Esophageal Cancer

 

Am Fam Physician. 2017 Jan 1;95(1):22-28.

  Patient information: See related handout on esophageal cancer, written by the authors of this article.

Author disclosure: No relevant financial affiliations.

Esophageal cancer has a poor prognosis and high mortality rate, with an estimated 16,910 new cases and 15,910 deaths projected in 2016 in the United States. Squamous cell carcinoma and adenocarcinoma account for more than 95% of esophageal cancers. Squamous cell carcinoma is more common in nonindustrialized countries, and important risk factors include smoking, alcohol use, and achalasia. Adenocarcinoma is the predominant esophageal cancer in developed nations, and important risk factors include chronic gastroesophageal reflux disease, obesity, and smoking. Dysphagia alone or with unintentional weight loss is the most common presenting symptom, although esophageal cancer is often asymptomatic in early stages. Physicians should have a low threshold for evaluation with endoscopy if any symptoms are present. If cancer is confirmed, integrated positron emission tomography and computed tomography should be used for initial staging. If no distant metastases are found, endoscopic ultrasonography should be performed to determine tumor depth and evaluate for nodal involvement. Localized tumors can be treated with endoscopic mucosal resection, whereas regional tumors are treated with esophagectomy, neoadjuvant chemotherapy, chemoradiotherapy, or a combination of modalities. Nonresectable tumors or tumors with distant metastases are treated with palliative interventions. Specific prevention strategies have not been proven, and there are no recommendations for esophageal cancer screening.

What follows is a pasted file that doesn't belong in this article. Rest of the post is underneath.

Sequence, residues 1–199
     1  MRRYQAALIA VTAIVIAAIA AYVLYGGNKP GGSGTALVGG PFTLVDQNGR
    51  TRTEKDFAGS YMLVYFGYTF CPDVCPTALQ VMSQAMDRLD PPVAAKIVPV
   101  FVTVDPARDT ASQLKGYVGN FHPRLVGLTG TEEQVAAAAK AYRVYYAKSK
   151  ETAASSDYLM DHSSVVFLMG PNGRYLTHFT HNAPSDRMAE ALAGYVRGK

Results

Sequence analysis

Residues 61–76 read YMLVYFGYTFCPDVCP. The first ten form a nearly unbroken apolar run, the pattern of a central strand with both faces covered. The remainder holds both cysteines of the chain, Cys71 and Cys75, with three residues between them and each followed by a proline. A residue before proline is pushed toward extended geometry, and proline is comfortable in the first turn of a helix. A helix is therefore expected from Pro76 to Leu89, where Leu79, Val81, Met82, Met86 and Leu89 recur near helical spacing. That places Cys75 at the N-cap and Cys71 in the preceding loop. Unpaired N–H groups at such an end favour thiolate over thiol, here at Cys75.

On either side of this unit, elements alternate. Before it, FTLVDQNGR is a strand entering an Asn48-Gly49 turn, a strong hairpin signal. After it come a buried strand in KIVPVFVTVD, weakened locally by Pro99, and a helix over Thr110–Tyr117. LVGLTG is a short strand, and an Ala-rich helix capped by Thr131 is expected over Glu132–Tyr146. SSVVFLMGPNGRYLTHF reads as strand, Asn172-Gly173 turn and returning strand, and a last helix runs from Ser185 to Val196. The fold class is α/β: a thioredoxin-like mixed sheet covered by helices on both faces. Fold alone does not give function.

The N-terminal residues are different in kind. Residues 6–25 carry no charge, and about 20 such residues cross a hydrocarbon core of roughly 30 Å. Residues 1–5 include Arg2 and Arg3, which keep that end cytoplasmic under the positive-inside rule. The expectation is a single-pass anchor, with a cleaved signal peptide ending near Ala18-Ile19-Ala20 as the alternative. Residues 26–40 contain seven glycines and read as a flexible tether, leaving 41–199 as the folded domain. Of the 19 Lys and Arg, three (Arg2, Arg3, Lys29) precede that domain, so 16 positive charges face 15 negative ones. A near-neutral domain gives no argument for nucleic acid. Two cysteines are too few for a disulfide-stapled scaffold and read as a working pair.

Esophageal cancer is the eighth most common cancer worldwide. Nearly four out of five cases occur in nonindustrialized nations, with the highest rates in Asia and Africa.1,2 The National Cancer Institute estimates that in 2016, there will be 16,910 new cases and 15,910 deaths from esophageal cancer in the United States.3

Esophageal cancer is associated with a poor prognosis. Despite advances in diagnosis and treatment, the overall five-year survival rate for persons with esophageal cancer is 15% to 20% worldwide and in the United States.4

WHAT IS NEW ON THIS TOPIC: ESOPHAGEAL CANCER

In a cohort study of 11,028 patients with low- and high-grade dysplasia Barrett esophagus, the overall incidence of esophageal adenocarcinoma was 0.12% per year.

Antireflux surgery appears to have minimal benefit in preventing esophageal cancer.

A Cochrane review of 53 studies evaluating palliation for dysphagia showed that self-expanding metal stents are safe, effective, and provide quicker relief than brachytherapy, radiotherapy, esophageal bypass surgery, and chemotherapy.

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SORT: KEY RECOMMENDATIONS FOR PRACTICE

Clinical recommendationEvidence ratingReferences

Upper endoscopy should be the initial diagnostic procedure in patients with symptoms suggestive of esophageal cancer. Biopsy of suspicious lesions should be performed.

C

20, 21